There have been several reflections of the 2011 protest in recent labor movement developments. After Occupy Wall Street, labor unions’ ideology evolved to focus on “solidarity, collective action and questioning of managerial authority.” Initiatives have been undertaken to deal with the existential crisis faced by labor unions. With the help of Occupy Wall Street’s success, these projects offer “glimmerings of hope” that the labor movement can use to recover its legitimacy and to prevent from fading into obscurity. The impact of Occupy Wall Street on the progressive changes in the labor movement was crucial to drawing attention to wealth and income inequality. As a result, attempts have been made in the United States government to raise the minimum wage, regulate part-time workers’ schedules, and provide paid sick days. However, not all of these rebirths have been pleasant to the public.
Occupy Wall Street and Antifa
Antifa is an anti-fascist movement that is known for its violent and anarchist sentiments. The group supports communism and expresses antipathy to capitalism. They claim to represent an attempt to eradicate the “American Plantation.” The representatives of Antifa contend that slavery exists in every minority community. Still, like with Occupy Wall Street, there is a significant number of white members. According to Tim Bryce, the supporters of Antifa want freedom and liberation, but they want these “on their own terms” rather than the way they were defined by the Constitution. Interestingly, although this movement is not peaceful, it is believed to have originated from the nonviolent Occupy Wall Street Movement of 2011. Occupy’s aim was reaching social and economic justice, and Antifa members claim that they are trying to accomplish the same. Sadly, the perspectives of Antifa and its predecessor could not be more opposite. While both are seemingly striving for social and economic equality for people irrespective of race and ethnicity, their execution could not be more different. Occupy was all about peaceful protests, although it did get rowdy towards the end, meanwhile Antifa applies the word “fighting” for a cause quite literally. For example, one current Antifa member is facing felony charges after bashing an innocent bystander in the head with a bike lock. Occupy, as the name implies, was about people camping out and occupying space on the street, not causing a riot.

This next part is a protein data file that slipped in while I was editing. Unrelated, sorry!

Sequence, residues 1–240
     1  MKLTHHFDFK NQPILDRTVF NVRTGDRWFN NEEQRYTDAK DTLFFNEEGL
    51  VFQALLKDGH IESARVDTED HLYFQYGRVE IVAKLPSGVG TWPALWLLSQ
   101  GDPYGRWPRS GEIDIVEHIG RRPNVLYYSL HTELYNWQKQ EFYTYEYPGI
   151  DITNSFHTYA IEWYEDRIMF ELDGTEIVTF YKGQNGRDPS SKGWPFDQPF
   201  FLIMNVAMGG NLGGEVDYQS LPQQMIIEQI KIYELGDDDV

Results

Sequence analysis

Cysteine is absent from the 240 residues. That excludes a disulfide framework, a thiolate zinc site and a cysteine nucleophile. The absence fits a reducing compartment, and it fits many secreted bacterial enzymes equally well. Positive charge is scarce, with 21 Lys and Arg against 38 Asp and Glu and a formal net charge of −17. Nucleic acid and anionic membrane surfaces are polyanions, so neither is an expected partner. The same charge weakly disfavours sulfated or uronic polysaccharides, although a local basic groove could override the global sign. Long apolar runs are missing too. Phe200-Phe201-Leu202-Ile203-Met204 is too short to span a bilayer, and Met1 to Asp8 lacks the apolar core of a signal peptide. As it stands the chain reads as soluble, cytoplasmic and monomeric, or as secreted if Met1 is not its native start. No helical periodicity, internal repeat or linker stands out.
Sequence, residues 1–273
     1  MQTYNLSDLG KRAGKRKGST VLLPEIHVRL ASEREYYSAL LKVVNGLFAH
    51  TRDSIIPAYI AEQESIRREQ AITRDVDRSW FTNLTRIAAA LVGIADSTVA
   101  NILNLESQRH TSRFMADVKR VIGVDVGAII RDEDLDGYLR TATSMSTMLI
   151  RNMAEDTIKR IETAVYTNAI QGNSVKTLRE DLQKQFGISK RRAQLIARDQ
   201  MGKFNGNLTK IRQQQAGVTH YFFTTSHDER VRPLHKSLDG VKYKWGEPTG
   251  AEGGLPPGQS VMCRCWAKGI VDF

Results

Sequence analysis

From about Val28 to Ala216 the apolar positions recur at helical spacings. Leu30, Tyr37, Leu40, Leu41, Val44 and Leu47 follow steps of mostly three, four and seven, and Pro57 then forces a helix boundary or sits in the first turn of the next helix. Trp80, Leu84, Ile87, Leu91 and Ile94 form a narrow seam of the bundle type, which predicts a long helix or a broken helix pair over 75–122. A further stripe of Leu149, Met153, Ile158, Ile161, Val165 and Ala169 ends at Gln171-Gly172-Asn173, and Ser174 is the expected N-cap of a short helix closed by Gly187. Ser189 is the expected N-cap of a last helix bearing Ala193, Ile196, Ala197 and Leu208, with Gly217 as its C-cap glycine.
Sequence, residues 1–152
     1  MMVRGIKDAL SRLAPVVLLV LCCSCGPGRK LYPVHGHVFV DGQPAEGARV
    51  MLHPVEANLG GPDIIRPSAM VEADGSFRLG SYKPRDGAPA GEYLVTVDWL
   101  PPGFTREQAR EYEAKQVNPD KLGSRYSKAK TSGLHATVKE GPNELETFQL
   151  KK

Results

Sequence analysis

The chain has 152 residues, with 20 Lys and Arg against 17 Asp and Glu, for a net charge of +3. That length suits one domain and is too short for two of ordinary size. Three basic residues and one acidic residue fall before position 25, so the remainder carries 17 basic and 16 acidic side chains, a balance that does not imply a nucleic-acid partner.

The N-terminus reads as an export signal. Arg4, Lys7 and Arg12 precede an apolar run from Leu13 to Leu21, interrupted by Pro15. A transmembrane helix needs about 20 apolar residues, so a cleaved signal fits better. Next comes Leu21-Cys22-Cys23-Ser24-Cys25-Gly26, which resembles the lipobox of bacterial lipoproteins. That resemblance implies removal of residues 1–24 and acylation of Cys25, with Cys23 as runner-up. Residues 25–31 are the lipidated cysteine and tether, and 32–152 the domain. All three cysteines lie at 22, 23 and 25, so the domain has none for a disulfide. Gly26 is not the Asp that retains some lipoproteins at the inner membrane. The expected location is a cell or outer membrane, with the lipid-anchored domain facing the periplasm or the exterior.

As great as Occupy Wall Street was for creating commotion in the public and fostering new movements that followed, more can be done. Actions speak louder than words, and as the gap between the lower and upper class grows, the right kind of advocacy needs to be employed. But the way in which groups like Antifa have been conducting themselves is not acceptable. As a community of proud New Yorkers, in the city of “equal opportunity” we need to rise and take action in an effective, but positive manner. Current groups advocating to break the current hourglass economy could learn a thing or two from the mistakes of the past. We need more than a dialogue and less violence; but most importantly, we need change. There are a variety of groups that are currently attempting to close the wealth gap such as Strike Debt, Fight for $15, and the National Committee for Pay Equity. The Strike Debt movement actually developed from Occupy. The movement is focused on the 99% helping one-another and “chipping away at Americans’ crippling debt.” One of their current initiatives includes “The Rolling Jubilee” in which they randomly free certain debtors by buying their debt and eradicating it. Their actions are noble and have the potential to gain support globally; hopefully, within years their expansion can make a dent in the rising wealth inequality.